A sample of comments in response to the SEC's rating agency reform proposals suggests the market could find itself in a situation where the government must balance its interest in oversight and control with its plans to avoid more responsibilities and liabilities. It also may need to balance its aim to restrict conflicts of interest with another reform goal involving more sharing of information and transparency.

The American Securitization Forum and Standard & Poor's, for example, have said they are opposing a proposal to create a board that would choose which rating agency is allowed to rate any given new issue securitization on the grounds that government involvement could be a concern.

The board was originally Sen. Al Franken's idea, introduced as part of Dodd-Frank. It would be set up and monitored by the SEC, which would choose its members initially and be responsible for making changes aimed at improving its performance.

The ASF and S&P both said among their concerns is that the board could cause investors to view ratings as government sanctioned and rely too heavily on them. Also both said they were concerned it would reduce incentives to compete. ASF said it would, for example, limit discounts as it would set rating agency fees and not allow investors to learn the agency's identity until late in the securitization process.

Ian Linnell, Fitch Ratings group managing director and head of global structured finance, notes in a comment letter to the SEC that the board on one hand “runs counter to the mandate of Dodd-Frank to reduce the role of ratings in regulations.” But on the other hand, he notes that Dodd-Frank also instructs the SEC to implement the proposal “unless the SEC determines that an alternative system would better serve the public interest and the protection of investors.”

While the Franken Amendment is not mandated as part of the final bill, the SEC has to consider the rating agency board concept and report back to congress on it by July of next year, according to the ASF. Instead of the board, what the ASF is supporting is a package of reforms called the Rule 17g-5 program that would among other things establish guidelines that would separate rating agency analysts from sales and marketing functions at the companies. Linnell also has said it sees Rule 17g-5 as the most effective option for managing potential conflicts within the credit rating agency selection process, with some caveats.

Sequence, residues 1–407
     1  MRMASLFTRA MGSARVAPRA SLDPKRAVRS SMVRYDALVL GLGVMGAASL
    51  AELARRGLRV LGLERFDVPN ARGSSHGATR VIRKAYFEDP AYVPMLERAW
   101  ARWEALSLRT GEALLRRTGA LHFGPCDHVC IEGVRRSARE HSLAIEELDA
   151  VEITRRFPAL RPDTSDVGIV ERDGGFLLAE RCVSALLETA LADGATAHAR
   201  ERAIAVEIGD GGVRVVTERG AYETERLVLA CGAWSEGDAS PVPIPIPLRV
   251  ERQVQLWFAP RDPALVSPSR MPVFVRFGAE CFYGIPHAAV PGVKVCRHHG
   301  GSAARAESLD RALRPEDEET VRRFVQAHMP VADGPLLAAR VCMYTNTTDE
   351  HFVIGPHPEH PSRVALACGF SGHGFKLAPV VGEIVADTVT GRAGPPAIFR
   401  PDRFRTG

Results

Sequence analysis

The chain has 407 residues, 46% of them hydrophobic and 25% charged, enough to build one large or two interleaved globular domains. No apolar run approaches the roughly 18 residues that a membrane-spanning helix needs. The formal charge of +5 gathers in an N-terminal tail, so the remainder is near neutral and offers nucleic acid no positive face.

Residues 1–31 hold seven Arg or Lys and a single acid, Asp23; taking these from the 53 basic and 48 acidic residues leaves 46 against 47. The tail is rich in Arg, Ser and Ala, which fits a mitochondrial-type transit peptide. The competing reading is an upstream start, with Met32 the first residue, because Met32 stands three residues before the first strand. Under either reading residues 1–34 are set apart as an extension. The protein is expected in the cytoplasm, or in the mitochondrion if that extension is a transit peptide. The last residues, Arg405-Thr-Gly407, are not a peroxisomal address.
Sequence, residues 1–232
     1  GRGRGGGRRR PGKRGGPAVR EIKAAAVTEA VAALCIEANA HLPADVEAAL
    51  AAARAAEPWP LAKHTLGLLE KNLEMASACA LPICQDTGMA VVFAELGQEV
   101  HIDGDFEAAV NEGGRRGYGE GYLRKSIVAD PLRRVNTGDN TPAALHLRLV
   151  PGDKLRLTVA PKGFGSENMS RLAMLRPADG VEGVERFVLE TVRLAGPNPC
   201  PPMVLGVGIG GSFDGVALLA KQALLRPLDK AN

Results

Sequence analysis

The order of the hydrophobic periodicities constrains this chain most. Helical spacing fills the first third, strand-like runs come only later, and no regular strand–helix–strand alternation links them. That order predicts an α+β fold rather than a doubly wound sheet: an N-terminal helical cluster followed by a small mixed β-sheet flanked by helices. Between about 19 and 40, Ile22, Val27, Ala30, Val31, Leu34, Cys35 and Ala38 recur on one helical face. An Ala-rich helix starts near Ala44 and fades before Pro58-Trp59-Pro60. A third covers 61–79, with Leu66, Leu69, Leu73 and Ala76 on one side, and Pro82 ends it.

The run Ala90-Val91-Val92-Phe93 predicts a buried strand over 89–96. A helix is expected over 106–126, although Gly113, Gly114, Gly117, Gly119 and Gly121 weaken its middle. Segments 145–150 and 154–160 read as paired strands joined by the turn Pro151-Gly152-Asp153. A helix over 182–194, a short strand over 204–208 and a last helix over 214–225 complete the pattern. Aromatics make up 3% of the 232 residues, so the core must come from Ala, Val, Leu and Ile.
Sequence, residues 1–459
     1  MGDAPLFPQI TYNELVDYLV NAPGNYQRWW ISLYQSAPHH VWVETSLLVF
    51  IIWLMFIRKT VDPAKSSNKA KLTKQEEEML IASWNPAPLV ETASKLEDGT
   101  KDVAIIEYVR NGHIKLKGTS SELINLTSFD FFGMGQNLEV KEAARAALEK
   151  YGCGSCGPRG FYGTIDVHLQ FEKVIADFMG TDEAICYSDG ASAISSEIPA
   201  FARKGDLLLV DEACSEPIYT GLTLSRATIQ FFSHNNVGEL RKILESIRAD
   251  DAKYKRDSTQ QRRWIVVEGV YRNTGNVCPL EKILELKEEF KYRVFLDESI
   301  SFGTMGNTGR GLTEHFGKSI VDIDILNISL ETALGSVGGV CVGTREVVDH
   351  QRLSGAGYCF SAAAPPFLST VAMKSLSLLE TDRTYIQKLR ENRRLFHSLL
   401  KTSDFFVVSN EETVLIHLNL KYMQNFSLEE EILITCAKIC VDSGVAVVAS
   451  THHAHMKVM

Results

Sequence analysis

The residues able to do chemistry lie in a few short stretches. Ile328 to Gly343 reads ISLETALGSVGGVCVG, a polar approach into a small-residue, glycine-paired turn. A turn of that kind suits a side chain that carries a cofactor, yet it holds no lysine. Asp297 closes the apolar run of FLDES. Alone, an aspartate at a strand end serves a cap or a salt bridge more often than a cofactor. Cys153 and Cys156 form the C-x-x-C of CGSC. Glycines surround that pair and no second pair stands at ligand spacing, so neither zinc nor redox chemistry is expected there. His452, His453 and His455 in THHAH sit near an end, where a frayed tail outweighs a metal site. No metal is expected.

Under the proposal, the SEC would prohibit rating agencies from issuing or maintaining a credit rating if an analyst on the transaction also participated in the firm's sales and marketing effort.

However, Moody's Investors Service said in a letter to the SEC it believes the wording in the draft it viewed was too ambiguous and could lead to misunderstanding and misuse of this part of the reform, “leading to the incorrect conclusion that rating personnel are prohibited from engaging in essential analytical discussions with persons outside” the rating agency.

Moody's has recommended instead a Dodd-Frank provision that requires rating agencies to have, enforce and document measures “reasonably designed to prevent sales and marketing considerations from influencing the quality or integrity of the credit rating process.”

The SEC proposal also would require issuers to immediately make available to all nationally recognized rating agencies any information they provide to the agencies they hire, allowing outside rating agencies to reach independent conclusions. Fitch's letter said making the information available only to other rating agencies “clearly limits its usefulness to investors” and instead suggests making it available to both investors and the public.

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